Game Log
+ Prologue
+ Pirate actors
+ Alexandria 1
+ Alexandria 2
+ The Woods
+ Cleyra
+ A pause
+ The Castle
+ The Iifa Tree
+ Fossil Roo
+ Conde Petie
+ Madain Sari
+ The Desert
+ The Desert Palace
+ Ipsen's Castle

+ Everything I never needed to know I learned from FF9
+ FF9 is a family game...

+ Zidane Tribal
+ Tantalus
+ Vivi Ornithopter
+ Garnet
+ Kuja
+ Garland


Pirate Actors
In which many cutscenes take place

Opening scene: A tiny ship, a big wave, two scared hooded people! It's The Perfect Storm with CGI! —Oh, no, wait, it's a dream. The dreamer, a languishing brunette in an ill-fitting princess dress, sits up and looks out the window. This symbolizes her yearning to be free. V. interesting. It's never been done before, a princess who wants to leave her royal duties behind and live the wild, footloose life of a commoner—I wonder where they'll go with it?

Cut to a ship, which has—Sizer-sama as the masthead? Oh, no, it's a mermaid. But it was promising for a moment. A tailed blond boy bounces about the ship like a monkey doing choreography by Ballantine. From the back, of course, since that's the direction we'll be seeing him from for most of the game. It amuses me that FF9's idea of a good character introduction is giving the player a long look at the character's butt.

It's a nice butt.

Sudden switch from cutscene graphics to regular graphics. I'm gonna have to get used to that; I can't make a damn thing out about the characters' faces in regular mode. Monkey-boy steps into a dark room, announces that it's dark, then lights a match and turns the controls over to the player.

I make him shuffle about the room briefly, until he passes by a little table and an exclamation point appears above his head. I press the button that the manual says to press, and the boy lights the candle on the table. The room brightens. Ah—this is the player tutorial! It's vaguely insulting that the game designers think their audience needs to be taught how to poke single buttons and light candles, but at the same time, um... I do need to be taught how to poke single buttons and light candles.

Three piratey sorts run into the room as though Gilbert and Sullivan just gave them their cue, and babble for a bit about how the captain's not here. Ah, it's the conversation tutorial.

A bizarre creature with the body of Santa Claus, the wardrobe of a Gilbert and Sullivan pirate, and the head of a blue metal dragon leaps into the room and roars. COMBAT! The camera whizzes around the little room dramatically. Surprisingly, it is dramatic. Beams and chairs zoom by in an exciting, dynamic way. Then the camera gets ahold of itself and shows the dragon-pirate facing off against the monkey boy and the three pirates, all five combatants doing the Combat Hula.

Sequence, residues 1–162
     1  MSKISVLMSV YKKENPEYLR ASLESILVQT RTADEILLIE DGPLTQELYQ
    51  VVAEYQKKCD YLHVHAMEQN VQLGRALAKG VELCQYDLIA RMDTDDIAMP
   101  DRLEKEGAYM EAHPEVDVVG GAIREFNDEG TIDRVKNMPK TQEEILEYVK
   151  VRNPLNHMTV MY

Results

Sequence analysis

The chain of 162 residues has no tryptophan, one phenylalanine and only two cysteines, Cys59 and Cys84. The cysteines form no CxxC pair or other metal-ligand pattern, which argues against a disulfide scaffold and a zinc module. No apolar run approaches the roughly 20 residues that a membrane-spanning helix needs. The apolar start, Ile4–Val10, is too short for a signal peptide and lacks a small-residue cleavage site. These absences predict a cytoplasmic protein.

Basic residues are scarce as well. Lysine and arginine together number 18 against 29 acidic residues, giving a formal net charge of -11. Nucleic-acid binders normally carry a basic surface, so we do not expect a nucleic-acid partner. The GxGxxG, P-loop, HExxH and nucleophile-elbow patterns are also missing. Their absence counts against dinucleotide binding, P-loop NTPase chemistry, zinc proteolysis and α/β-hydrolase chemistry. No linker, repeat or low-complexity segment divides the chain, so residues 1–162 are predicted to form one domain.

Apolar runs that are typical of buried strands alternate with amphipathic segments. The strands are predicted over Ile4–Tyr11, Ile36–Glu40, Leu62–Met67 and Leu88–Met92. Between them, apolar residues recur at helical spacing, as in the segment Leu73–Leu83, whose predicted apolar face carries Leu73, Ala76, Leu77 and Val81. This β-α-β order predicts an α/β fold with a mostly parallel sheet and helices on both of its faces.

This sets off a flurry of panic and page-turning for me, because I didn't bother reading the combat section of the manual. Those things never make sense until you've been in combat, anyway. So here's combat, and I don't even know how to pause to read the manual. I poke at buttons frantically, reading snatches of the manual when it looks like a have a second. One by one the pirates bound forward and take a swipe at the dragon-pirate. They're all feeble, except for the monkey boy, but that's okay—the dragon-pirate keeps tripping and falling down when it tries to bound forward.

Finally, one of the pirates deals the killing blow. The dragon-head splits open to reveal--the captain, clutching his head and complaining that his men hit too hard.


After some mandatory belly-laughing, all of the pirates run into the anteroom and take up dramatic, languid poses. The captain picks up puppets and announces the plan: The bandits (they're not pirates, they're bandits—get it straight) will sail into Alexandria and, under cover of putting on a play, steal the delectable Princess Garnet. NOT Queen Brahne, who's greebly. Princess Garnet. She's a babe. Got that? Princess Garnet = Babe-raham Lincoln = stealable. Queen Brahne = troll = leave her be.

The bandit captain repeats this as though there's an off chance that one of the two designated kidnappers—monkey boy, who turns out to be called Zidane—might accidentally run off with Queen Brahne instead. This sounds interesting. Remove the Queen, leave a wet adolescent dreamer in control of the kingdom, destabilize the country, take control, marry monk—Zidane to the Princess as a figurehead, RULE THE WORLD! But no, all they want to do is... er... Actually, they never say. But presumably it's just a ransom racket.

So. Garnet = good. Queen = bad.

I stick my hand up Zidane's ass, and like a good little puppet, he agrees to the plan.

Cut to more credits. The bandit ship—a truly impressive Tudor confection—rolls through the clouds, sails past the palace, and docks in Alexandria.

In the streets of Alexandria, a pile of laundry in a pointy hat watches the ship with wonder. But that's a matter for another chapter.

On to the next chapter...